What happened?

Well, it started by reading a few books and honestly looking at where I was in my life. What came next was Martial Arts training.

I began at BBJJ partly because it stripped away my trouble spots – there wasn’t any “team” I had to make it onto, and there weren’t any “in-crowds” for me to try to fit in with. I could focus on my own personal goals without that fear of not being accepted.

Most people think martial arts practice – especially Jiu-Jitsu – is about getting “up close and personal” with a sparring partner or a classmate doing the techniques. But when I started practicing regularly, I got “up close and personal” with myself and my fears. 

With guidance from my instructors, I started to see myself acting out of fear…and once I started to see it, I couldn’t NOT see it.

That gave me the impetus to go to work.

Brooklyn Brazilian Jiu-Jitsu gave me the confidence that I didn’t have to do the work alone. I understood that my teachers had my back – it was like knowing I had a net while walking on a high wire.

So I did what they told me to do – I read more, and I listened more.  I learned to discern who might help me…and who might not.

Ultimately, I’ve been able to swing the pendulum so far in the other direction that I am now actually able to BE a positive influence on so many people.

Now, I can’t say that I never make decisions out of fear anymore…but I can say that it’s rare. And I can look myself in the mirror and know: I turned one of my greatest challenges into one of my greatest victories.

Challenges have the potential for greatness – not just despair.  I recently dealt with an injury and I immediately looked at how it will eventually add to my Jiu-Jitsu practice and my life rather than detract from it. My teacher has always told me that tough times don’t last…tough people do. 

And through this personal experience of turning challenges to victories through this BBJJ training, I now know that it’s true.

Fight Fire With Water

This past week has been dominated, for many people, by the violence at the Boston Marathon and the subsequent manhunt for the suspects. Anger and hate are definitely on the list of emotions that led to this act. And, they are also on the list of emotions that we feel as a result of this tragedy.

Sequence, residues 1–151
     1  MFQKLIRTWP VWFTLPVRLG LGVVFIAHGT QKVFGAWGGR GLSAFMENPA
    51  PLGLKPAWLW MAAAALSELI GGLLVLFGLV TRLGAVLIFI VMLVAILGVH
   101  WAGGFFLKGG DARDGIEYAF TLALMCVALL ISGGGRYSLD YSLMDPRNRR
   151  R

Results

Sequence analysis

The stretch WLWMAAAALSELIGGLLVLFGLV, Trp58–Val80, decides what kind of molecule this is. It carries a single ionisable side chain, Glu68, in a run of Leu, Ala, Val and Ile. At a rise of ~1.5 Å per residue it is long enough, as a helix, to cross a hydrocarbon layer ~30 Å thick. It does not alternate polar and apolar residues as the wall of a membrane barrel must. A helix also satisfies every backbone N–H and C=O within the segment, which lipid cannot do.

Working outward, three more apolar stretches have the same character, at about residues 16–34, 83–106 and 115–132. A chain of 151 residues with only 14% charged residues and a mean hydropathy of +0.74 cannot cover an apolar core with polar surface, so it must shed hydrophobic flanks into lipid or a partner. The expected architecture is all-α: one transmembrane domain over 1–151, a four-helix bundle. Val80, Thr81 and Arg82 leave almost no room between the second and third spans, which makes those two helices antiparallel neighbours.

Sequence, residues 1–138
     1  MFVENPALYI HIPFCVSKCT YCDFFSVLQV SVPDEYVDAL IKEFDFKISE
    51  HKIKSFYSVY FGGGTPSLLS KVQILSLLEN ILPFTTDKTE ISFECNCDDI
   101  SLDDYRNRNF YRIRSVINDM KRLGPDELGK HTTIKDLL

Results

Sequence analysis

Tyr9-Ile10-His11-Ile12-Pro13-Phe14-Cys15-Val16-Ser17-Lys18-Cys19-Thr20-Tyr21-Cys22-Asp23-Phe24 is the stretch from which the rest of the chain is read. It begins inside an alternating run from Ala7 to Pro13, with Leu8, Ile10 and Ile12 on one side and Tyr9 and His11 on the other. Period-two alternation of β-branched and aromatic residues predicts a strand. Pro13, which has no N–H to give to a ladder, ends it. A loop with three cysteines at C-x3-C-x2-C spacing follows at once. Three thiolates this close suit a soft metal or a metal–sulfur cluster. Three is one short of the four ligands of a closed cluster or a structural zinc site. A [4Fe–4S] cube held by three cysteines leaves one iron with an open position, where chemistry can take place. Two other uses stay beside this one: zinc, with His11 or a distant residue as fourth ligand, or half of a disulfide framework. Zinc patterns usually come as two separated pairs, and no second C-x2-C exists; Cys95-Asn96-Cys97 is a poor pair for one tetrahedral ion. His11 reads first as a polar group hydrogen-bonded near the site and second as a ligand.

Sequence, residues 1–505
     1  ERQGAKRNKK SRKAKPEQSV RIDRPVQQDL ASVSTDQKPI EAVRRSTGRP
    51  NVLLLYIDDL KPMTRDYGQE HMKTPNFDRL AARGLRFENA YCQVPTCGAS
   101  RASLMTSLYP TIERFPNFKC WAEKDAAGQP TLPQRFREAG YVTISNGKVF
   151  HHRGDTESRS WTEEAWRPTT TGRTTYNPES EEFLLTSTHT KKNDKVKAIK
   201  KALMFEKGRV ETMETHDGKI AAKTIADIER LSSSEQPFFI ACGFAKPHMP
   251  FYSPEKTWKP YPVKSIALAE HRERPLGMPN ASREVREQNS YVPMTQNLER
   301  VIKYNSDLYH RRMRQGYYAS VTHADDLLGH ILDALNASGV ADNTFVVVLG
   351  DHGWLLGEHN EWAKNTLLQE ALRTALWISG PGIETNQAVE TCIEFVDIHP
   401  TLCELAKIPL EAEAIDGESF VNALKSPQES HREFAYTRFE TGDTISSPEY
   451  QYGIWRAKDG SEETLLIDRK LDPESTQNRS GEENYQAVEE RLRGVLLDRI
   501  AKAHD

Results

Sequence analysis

Can anger and hate really be both the cause and the effect of something like this? If anger and hate lead to anger and hate, then the next logical conclusion that we have to make is that there is more anger and hate to come, followed soon by even more anger and hate.

For some reason we have adopted the philosophy that we “fight fire with fire.” Really?! That doesn’t make any sense unless all we want is more fire. Whoever coined that phrase certainly wasn’t looking for a solution to the fire.  He or she was looking for a fight. The same people that are calling for an end to the violence are calling for retribution for the perpetrators- aka more fire.  If we want a solution to fire it’s water.  If we’re looking for a solution to hate it’s love.  Its not just a cure, its also a preventative.  Have you ever tried to burn something that’s soaked in water? Impossible.  If we soak our world in love, caring, understanding, and peace, even the most angry and disillusioned among us will be hard pressed to perpetuate hate.

If Jiu-Jitsu has taught us anything its that power and strength are not the most effective tools to manage someone else’s power and strength.  When they push, we pull.  Jiu-jitsu teaches us strategy so we can avoid a negative response to a negative situation.

So, we’re introducing our new world, which is built on love and fortified by acceptance.  Its a culture where we fight fire with water.  Its a culture where we look for solutions to challenges.  If we want something different we have to do something different. We have to become something different. Let’s create a new “knee jerk response.”  They say it takes 10,000 repetitions to master anything so we’d better get started.